New research comparing fresh and frozen embryo transfer by Shi, Y. et. al. (2018) has found that live birth rates are equivalent between the two types of embryo transfer but that frozen embryo transfer significantly lowers the risk of ovarian hyperstimulation syndrome (OHSS).
In this multi-centre randomised controlled trial, 2157 who were undergoing their first IVF were randomly allocated to receive either fresh or frozen embryo transfer. The live birth rate did not differ significantly between the two groups. However, frozen embryo transfer resulted in significantly lower risk of OHSS than fresh embryo transfer (0.6% vs 2.0% relative risk). The risk of other adverse maternal and neonatal outcomes did not differ significantly between the 2 groups.
For more details you can read the full article in The New England Journal of Medicine.
A study by Julie Hennegan, Jane Henderson and Maggie Redshaw shows increased risk of depression and post-traumatic stress disorder (PTSD)-type symptoms in fathers who held their stillborn babies.
In this study, women were asked at nine months whether their partner had seen and held their stillborn baby after birth, and about their partners' subsequent wellbeing. Almost all fathers, 92%, saw their baby, and 82% held them.
At three months, partners who had held their stillborn babies had more than two-and-a-half times the risk of depression, and nearly twice the risk of PTSD-type symptoms compared to those who had not held their stillborn babies, even when comparing partners of similar characteristics. There was weaker evidence at nine months of a difference in outcomes between fathers who had held their stillborn baby and ones that had not, although a trend towards poorer outcomes remained.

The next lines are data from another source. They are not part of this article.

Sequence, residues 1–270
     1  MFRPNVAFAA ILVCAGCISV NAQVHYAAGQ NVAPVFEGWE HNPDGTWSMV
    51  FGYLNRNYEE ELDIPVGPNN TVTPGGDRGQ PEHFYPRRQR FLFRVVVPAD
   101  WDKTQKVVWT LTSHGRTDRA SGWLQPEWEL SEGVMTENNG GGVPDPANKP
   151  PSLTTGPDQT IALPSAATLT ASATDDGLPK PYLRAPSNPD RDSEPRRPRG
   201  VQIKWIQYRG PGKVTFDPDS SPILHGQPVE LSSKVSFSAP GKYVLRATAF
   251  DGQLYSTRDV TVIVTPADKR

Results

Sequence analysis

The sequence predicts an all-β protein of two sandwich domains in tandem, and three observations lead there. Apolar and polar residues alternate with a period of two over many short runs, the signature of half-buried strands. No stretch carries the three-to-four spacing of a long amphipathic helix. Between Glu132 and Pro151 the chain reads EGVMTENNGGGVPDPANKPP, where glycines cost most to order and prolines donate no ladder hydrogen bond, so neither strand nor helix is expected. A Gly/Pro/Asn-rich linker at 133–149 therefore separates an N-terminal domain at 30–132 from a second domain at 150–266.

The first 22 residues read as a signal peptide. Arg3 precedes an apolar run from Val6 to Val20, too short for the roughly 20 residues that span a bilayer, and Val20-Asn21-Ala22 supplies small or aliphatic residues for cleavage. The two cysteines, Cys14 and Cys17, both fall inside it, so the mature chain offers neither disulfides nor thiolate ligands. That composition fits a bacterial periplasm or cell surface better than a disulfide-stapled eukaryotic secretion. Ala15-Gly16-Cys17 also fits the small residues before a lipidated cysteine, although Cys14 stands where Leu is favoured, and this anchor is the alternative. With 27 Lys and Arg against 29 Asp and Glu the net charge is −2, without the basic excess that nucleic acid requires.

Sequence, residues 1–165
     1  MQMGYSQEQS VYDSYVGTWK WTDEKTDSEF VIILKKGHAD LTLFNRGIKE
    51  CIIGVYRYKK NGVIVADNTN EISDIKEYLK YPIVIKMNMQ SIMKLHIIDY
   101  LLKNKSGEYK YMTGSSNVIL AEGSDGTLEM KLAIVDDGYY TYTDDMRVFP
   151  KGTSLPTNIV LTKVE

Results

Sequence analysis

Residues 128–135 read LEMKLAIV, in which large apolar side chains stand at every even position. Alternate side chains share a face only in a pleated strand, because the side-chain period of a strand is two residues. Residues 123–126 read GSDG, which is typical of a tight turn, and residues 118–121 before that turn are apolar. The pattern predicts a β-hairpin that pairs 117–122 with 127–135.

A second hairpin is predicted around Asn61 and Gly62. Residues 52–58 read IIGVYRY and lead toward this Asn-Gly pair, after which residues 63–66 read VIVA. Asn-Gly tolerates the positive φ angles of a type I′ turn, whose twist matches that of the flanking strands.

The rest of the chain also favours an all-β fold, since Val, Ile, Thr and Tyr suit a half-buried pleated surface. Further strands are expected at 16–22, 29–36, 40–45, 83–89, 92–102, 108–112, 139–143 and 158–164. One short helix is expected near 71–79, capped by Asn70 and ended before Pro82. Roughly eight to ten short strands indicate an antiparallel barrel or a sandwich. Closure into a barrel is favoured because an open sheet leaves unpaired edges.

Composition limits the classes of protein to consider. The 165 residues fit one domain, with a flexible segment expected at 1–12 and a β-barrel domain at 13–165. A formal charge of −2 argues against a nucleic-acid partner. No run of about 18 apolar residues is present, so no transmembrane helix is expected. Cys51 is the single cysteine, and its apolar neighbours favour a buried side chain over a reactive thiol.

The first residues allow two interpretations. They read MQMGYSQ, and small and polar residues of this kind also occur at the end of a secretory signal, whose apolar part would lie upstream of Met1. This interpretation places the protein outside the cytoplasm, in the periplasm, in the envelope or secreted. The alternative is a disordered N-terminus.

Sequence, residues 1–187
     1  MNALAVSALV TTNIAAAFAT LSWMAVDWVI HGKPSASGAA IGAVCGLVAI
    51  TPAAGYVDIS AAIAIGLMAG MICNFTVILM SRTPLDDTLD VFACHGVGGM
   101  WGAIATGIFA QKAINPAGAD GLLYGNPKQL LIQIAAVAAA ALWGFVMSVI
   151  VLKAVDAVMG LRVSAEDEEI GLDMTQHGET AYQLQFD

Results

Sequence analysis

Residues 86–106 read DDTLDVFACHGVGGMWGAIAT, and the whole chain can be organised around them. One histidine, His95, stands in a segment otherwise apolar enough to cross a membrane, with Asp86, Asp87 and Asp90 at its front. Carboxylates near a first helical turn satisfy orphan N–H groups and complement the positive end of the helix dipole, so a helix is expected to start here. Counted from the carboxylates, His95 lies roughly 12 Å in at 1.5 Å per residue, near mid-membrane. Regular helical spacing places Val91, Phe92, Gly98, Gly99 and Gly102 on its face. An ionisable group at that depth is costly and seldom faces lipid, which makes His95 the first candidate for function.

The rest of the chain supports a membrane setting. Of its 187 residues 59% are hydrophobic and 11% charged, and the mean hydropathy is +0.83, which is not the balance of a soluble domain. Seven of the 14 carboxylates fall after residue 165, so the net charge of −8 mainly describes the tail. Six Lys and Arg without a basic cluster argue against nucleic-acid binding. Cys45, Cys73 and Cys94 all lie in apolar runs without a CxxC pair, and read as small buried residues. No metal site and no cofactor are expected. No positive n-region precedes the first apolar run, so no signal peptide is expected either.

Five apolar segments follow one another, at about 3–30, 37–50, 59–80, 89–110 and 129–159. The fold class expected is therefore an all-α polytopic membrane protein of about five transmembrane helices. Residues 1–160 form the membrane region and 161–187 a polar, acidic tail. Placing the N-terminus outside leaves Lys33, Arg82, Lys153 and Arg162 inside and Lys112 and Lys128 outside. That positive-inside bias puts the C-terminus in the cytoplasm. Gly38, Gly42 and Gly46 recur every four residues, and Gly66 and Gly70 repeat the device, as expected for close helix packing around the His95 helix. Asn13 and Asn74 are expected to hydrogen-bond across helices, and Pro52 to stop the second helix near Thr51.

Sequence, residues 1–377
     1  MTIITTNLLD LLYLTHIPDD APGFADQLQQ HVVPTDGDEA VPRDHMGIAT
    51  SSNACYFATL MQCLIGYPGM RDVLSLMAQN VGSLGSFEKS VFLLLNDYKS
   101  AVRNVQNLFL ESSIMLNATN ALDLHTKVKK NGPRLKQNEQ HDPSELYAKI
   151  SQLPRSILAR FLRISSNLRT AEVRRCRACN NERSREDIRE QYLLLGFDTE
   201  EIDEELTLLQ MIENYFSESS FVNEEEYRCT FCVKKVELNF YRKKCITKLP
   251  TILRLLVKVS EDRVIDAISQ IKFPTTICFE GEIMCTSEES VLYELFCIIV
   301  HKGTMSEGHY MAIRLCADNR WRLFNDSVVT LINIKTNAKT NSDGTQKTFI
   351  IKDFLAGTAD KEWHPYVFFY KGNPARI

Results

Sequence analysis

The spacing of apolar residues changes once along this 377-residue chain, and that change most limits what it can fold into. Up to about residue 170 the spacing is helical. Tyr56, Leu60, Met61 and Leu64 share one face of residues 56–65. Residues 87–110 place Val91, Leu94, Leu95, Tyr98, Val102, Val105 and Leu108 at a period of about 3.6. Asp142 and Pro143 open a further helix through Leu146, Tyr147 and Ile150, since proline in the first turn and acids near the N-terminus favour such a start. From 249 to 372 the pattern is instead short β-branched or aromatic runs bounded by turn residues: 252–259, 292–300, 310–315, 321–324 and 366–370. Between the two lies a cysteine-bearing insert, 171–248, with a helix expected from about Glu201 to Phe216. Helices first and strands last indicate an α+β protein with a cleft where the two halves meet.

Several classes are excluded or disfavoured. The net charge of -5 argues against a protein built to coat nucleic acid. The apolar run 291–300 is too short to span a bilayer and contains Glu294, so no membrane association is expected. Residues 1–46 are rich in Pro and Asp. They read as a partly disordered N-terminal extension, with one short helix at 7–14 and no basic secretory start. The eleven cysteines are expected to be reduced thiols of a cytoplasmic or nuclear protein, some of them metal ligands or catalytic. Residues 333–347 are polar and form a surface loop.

You can read the study in the Journal of Reproductive and Infant Psychology.
Current guidelines support offering ‘low risk’ women a choice of birth setting, including a midwifery unit, at home, or in a hospital labour ward or obstetric unit. But how do women choose between these options and what information do they receive and need in order to make a choice?
Women in our study drew on multiple sources of information when choosing where to give birth; their midwife was not their primary source of information. Women wanted to be able to know what their options were early in pregnancy and to be able to consider, explore and discuss these with their midwife throughout their pregnancy, not at a fixed point in time.
You can read the paper which is published in BMC Pregnancy and Childbirth.
The BUMPES trial has been featured on the MoreTrials website in the ‘Trials that matter’ series. BUMPES was led at the NPEU by Ed Juszczak, Pollyanna Hardy and Oliver Rivero-Arias as part of a multicentre collaborative group. Women who had received an epidural anaesthetic were randomised to either an upright or lying down position in the second stage of labour. The primary outcome of the trial was spontaneous vaginal birth.
Women in the lying down group had significantly better chance of spontaneous vaginal birth, and no disadvantages were apparent on the short or longer term for both mother and baby.